On top of all of the various shops you’ll want to visit on the regular, Springdale has a sort of dungeon system built into its overworld that allows you to fight more yo-kai or solve simple puzzles in order to clear stages or locate more loot. While you’ll usually have to use your watch to locate and then battle Yo-Kai, these areas feature wandering monsters that you can actually see on the screen. Run into them and you’ll trigger a battle. While I appreciate that the main game does away with random encounters and lets you fight when you feel like it, I like that these dungeon areas change up the pace and give you additional fodder if you’re looking to do some leveling.
Which of course brings us to Yo-Kai Watch’s battle system. This is easily the most unique aspect of the game, combining traditional turn-based confrontations with several new mechanics that appear to be influenced by Level-5’s newfound interest in the mobile platform.
More so than in any other game, Yo-Kai Watch puts you in the position of being a trainer for your team of monsters. Each Yo-Kai boasts a collection of abilities, including a standard attack, a special attack, an “inspirit” ability that will either hurt foes or help allies, as well as a powerful “soultimate” attack.
Yo-Kai also come equipped with two traits that determine how they will behave in battle. That’s important, since they’ll carry out all of their basic moves (except soultimate attacks) on their own. A cautious Yo-Kai will guard more frequently, which is a handy trait if they don’t have a lot of HP but offer helpful abilities. Combine that with a trait that makes them fire off those abilities more regularly and you’ve got yourself a handy Yo-Kai. Put them next to Yo-Kai from the same tribe, and they’ll earn even bigger boosts throughout the battle.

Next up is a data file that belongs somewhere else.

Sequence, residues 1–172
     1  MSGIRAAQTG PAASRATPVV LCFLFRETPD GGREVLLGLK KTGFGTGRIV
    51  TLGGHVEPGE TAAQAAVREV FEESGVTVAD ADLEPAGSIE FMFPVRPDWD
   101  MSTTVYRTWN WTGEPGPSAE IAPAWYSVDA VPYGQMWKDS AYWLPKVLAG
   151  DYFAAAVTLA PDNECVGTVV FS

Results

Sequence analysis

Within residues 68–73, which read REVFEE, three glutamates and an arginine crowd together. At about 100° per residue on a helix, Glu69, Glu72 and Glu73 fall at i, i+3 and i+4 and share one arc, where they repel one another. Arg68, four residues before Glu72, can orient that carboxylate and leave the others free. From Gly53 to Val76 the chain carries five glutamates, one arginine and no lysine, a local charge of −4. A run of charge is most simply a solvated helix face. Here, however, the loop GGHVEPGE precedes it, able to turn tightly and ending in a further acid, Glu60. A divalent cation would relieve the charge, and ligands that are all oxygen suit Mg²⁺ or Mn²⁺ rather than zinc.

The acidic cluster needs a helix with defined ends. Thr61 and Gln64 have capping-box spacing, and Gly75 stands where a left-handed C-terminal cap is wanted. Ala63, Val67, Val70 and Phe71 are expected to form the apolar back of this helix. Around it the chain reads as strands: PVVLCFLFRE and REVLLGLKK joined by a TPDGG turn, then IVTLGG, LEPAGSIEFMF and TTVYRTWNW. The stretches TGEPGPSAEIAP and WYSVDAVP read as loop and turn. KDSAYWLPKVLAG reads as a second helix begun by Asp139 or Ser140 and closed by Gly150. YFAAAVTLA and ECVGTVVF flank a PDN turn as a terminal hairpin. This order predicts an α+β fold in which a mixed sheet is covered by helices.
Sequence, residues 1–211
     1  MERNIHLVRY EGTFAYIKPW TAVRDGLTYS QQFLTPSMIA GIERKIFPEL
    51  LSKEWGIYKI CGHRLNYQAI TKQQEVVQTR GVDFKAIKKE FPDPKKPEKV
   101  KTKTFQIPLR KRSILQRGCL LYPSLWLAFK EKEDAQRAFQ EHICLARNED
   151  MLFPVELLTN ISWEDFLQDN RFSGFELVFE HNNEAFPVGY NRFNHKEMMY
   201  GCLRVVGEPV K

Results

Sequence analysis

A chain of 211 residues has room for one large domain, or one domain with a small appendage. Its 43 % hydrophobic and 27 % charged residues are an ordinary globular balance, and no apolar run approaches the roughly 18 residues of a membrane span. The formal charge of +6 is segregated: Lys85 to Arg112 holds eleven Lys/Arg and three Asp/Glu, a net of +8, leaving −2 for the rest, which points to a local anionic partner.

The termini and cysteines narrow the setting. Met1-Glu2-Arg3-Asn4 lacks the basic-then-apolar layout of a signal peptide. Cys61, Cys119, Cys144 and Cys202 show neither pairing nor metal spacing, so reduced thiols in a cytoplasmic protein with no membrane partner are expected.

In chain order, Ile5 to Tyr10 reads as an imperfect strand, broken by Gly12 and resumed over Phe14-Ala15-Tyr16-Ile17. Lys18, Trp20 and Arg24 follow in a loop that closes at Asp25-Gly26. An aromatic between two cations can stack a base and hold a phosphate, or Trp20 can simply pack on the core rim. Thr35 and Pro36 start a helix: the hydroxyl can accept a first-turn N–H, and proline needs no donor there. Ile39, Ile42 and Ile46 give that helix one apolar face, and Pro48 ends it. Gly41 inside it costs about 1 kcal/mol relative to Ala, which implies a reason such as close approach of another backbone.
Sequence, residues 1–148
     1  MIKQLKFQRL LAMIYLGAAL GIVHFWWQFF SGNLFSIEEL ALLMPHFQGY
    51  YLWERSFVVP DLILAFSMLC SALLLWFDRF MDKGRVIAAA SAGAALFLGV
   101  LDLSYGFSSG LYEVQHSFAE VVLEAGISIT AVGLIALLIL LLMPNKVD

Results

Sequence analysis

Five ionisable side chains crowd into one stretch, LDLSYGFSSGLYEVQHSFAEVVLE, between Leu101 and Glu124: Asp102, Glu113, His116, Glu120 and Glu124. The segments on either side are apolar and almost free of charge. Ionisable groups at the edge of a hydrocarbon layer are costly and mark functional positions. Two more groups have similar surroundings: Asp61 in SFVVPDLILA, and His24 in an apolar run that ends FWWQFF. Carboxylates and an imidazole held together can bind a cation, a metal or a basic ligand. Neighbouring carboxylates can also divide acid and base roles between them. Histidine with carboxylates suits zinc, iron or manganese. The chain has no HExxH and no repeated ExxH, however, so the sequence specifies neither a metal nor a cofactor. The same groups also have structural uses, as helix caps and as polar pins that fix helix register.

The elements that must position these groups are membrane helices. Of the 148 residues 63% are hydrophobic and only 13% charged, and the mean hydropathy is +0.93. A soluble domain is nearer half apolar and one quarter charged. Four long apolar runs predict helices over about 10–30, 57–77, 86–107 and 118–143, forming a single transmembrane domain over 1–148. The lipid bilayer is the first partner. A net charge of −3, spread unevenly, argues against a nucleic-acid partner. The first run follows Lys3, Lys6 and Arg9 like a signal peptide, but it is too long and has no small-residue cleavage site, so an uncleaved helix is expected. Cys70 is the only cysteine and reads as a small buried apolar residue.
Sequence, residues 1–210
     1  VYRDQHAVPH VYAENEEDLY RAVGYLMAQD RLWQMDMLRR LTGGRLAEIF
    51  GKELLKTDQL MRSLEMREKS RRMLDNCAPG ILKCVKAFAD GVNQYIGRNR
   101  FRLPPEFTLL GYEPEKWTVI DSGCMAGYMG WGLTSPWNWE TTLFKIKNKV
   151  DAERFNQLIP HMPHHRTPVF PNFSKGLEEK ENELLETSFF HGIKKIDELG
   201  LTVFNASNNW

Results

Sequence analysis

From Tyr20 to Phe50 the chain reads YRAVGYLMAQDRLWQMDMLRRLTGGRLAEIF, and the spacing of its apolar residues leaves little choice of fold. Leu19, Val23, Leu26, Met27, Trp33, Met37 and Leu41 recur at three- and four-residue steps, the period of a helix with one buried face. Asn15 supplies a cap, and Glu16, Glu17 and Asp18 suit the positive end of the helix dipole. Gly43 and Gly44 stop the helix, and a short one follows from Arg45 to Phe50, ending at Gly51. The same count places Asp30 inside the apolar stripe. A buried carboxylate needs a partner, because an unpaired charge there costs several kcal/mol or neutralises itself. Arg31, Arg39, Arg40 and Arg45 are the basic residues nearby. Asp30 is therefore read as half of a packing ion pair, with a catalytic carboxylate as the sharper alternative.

While fine-tuning your Yo-Kai party is done outside of battle, and they move on auto-pilot when engaged, you’ll still have plenty to do while the fur is flying. Your team of six can be rotated at will, with the front trio being the group actively fighting. If one of your crew gets inspirited, you can rotate them to the back to play a minigame that will clear them of the status effect. A targeting system lets you go after specific enemies and even claim additional loot if your reflexes are quick enough. You can hit the X button to speed up less challenging fights and trigger soultimates by taking part in another collection of mini-games. You can throw items in to help out your team on the fly or even feed enemies to heighten the chances of befriending them after the fight.
Like many RPGs geared toward a younger crowd, most of the standard fights aren’t all that challenging, which means you could spam a powerful attack here and there and just breeze through the whole affair. You could even just press X at the start of a fight and just watch it breeze by without interruption. That’s a bit of a bummer, but there’s definitely some depth here for folks who are willing to dig down and experiment with the game rather than take the fastest path to victory. Plus, the handful of boss fights can be legitimately challenging (and quite a bit of fun), and you’re going to want to have those skills and strategies figured out before squaring off against the toughest Yo-Kai the city has to offer.
Pull all of that together and what you’re left with is a lighthearted romp with fun characters, some unique mechanics and charm to spare. I’m not sure if Yo-Kai Watch will evolve into the mega-hit it has become in Japan, but it’s certainly worth giving a fair shake. Just don’t go in expecting it to be something it isn’t. Yo-Kai Watch is certainly familiar, but it also does an admirable job of putting some creative spins on a formula that was in desperate need of exactly that.
Players: 1 (2-player battle)
Platforms: Nintendo 3DS
Publisher: Nintendo, Level-5, Koei Tecmo